Best Actress in a Motion Picture Drama for Fernanda Montenegro Nominated
Best Original Screenplay Nominated
 BRA São Paulo Association of Art Critics Best Actress for Fernanda Montenegro Won
Best Film Won
Best Director for Walter Salles Won
 GER Golden Bear Best Film Won
Silver Bear Best Actress for Fernanda Montenegro Won
48th Berlin International Film Festival Prize of the Ecumenical Jury Won
 FRA César Awards Best Foreign Film Nominated
 USA Golden Globe Awards Best Actress in a Motion Picture Drama for Fernanda Montenegro Nominated
Golden Globe Award for Best Foreign Language Film Won
Independent Spirit Awards Best Foreign Film Nominated
National Board of Review Best Actress for Fernanda Montenegro Won
National Board of Review Award for Best Foreign Language Film Won
 CUB Havana Film Festival Best Film Won
Best Actress for Fernanda Montenegro Won
 USA Los Angeles Film Critics Association Best Actress for Fernanda Montenegro Won
New York Film Critics Circle Best Actress for Fernanda Montenegro Won(2nd place)
 Spain Association of Film Critics Spain Best Foreign Language Film Won
 POL Association of Film Critics in Poland Best Foreign Language Film Won
 ITA National Association of Italian Critic Best Foreign Language Film Won
 USA Sundance Film Festival Best Screenplay Won
 Spain San Sebastián International Film Festival Audience Award Won
 BRA Association of Film Critics of Rio de Janeiro Film of the Year Won

Reception[edit]

The film received critical acclaim.The film was an NYT Critics' Pick: according to Janet Maslin, "Mr. Salles directs simply and watchfully, with an eye that seems to penetrate all the characters"; the film features a "bravura performance by the Brazilian actress Fernanda Montenegro."[4] According to Richard Schickel, the film is "an odyssey of simple problems, simple emotional discoveries, [and] a relationship full of knots that Salles permits to unwind in an unforced, unsentimental fashion. His imagery, like his storytelling, is clear, often unaffectedly lovely, and quietly, powerfully haunting.[5] Entertainment Weekly gave the film a grade of A–, concluding "In outline, Central Station recalls many of the bogusly sticky adult-kid bonding tales that have been the bane of foreign cinema for too long, but Salles, like De Sica and Renoir, displays a pure and unpatronizing feel for the poetry of broken lives. His movie is really about that most everyday of miracles: the rebirth of hope." [6]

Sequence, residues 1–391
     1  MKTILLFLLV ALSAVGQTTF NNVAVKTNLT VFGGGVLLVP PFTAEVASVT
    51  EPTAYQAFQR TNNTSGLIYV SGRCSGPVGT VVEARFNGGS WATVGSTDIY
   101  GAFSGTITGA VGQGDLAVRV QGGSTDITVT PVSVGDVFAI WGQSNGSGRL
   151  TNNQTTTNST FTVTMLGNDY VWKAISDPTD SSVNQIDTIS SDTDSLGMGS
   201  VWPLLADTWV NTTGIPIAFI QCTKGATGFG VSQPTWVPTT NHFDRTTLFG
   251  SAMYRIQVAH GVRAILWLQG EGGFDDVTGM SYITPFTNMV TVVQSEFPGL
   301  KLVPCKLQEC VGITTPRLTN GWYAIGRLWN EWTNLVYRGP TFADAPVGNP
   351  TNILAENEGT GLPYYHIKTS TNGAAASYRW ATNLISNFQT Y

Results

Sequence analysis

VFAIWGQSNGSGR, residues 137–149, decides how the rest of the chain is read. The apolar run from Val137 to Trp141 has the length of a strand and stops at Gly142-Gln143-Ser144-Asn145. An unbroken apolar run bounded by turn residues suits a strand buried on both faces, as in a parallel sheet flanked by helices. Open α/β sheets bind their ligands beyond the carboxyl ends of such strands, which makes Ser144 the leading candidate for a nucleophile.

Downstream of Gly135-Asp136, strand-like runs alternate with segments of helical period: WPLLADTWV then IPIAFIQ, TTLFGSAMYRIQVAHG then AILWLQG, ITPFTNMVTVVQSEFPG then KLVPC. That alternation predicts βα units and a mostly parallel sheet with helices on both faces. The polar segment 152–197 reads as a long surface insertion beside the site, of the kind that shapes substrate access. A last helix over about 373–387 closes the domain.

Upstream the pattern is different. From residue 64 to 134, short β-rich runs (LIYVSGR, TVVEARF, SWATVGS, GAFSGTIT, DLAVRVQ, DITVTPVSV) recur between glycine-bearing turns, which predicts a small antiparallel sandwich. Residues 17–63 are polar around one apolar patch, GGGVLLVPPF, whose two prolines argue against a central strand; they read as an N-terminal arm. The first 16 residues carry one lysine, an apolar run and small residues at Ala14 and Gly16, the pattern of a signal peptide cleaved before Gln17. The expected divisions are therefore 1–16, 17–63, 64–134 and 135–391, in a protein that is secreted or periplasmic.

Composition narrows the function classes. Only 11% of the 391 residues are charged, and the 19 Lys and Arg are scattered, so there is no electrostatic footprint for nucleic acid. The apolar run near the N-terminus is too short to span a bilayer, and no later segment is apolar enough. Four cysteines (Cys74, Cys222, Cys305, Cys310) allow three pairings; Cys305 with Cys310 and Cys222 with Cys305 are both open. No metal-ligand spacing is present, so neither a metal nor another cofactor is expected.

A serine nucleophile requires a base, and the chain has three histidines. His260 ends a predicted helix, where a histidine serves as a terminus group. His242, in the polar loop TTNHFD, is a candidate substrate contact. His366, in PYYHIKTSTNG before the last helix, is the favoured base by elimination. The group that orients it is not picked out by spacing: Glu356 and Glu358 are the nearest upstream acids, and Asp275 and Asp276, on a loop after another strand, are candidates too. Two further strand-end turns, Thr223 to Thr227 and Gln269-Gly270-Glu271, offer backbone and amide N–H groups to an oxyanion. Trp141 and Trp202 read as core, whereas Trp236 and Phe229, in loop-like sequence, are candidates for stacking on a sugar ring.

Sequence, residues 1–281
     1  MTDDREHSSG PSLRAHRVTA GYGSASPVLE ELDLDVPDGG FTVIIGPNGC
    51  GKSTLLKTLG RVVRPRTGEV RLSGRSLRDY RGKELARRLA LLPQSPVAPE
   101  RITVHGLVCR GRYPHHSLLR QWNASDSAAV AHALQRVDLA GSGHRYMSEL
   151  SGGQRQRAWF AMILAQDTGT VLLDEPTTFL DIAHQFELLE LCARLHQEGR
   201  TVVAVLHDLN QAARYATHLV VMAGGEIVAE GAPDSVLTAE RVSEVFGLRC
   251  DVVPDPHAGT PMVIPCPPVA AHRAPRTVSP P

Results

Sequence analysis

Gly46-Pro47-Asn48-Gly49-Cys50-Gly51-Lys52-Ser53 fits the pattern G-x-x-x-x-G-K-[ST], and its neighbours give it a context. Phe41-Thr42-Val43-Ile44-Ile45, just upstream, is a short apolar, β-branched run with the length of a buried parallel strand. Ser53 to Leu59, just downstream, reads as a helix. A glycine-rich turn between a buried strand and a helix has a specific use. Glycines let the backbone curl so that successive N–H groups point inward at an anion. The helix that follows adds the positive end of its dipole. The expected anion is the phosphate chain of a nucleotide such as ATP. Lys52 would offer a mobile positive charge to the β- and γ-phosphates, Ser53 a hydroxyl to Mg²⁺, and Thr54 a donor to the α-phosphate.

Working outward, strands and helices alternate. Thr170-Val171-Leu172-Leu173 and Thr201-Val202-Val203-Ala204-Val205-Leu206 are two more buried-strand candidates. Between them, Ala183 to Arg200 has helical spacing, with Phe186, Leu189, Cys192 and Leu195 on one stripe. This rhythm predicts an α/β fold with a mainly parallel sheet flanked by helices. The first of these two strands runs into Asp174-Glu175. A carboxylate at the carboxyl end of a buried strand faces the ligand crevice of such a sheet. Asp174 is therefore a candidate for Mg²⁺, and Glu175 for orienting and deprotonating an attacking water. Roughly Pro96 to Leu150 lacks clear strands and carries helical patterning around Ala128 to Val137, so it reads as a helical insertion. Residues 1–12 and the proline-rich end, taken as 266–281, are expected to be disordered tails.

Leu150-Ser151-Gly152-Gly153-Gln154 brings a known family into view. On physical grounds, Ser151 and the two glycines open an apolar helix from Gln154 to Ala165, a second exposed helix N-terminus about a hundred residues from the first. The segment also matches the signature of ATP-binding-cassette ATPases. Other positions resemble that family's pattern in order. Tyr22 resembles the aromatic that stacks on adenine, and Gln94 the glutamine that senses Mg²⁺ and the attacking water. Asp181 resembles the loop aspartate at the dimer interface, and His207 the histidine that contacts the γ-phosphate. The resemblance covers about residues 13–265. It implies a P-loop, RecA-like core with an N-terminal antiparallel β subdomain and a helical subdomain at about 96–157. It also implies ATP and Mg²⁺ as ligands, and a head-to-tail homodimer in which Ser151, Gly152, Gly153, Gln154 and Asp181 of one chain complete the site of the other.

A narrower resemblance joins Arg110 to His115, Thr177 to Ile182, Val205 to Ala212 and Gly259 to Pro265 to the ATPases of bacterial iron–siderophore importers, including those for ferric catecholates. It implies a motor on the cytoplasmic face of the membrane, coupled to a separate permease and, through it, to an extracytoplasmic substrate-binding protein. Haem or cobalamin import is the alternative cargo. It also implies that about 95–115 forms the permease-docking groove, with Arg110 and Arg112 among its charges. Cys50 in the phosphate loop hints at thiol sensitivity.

The film is ranked #57 in Empire magazine's "The 100 Best Films Of World Cinema" in 2010.[7]

References[edit]

  1. ^ "Wettbewerb/In Competition". Moving Pictures, Berlinale Extra (Berlin): 16. 11–22 February 1998. 
  2. ^ Public and Income film Central Station
  3. ^ Prêmios - Central do Brasil
  4. ^ Maslin, Janet (November 20, 1998). "A Journey of Hope and Self-Discovery for Two Hard-Bitten Souls". The New York Times. Retrieved 2011-09-23. 
  5. ^ Schickel, Richard (December 14, 1998). "Central Station". Time. Retrieved 2011-09-23. 
  6. ^ Gleiberman, Owen (November 27, 1998). "Central Station". Entertainment Weekly. Retrieved 2011-09-23. 
  7. ^ "The 100 Best Films Of World Cinema | 57. Central Station". Empire. 

External links[edit]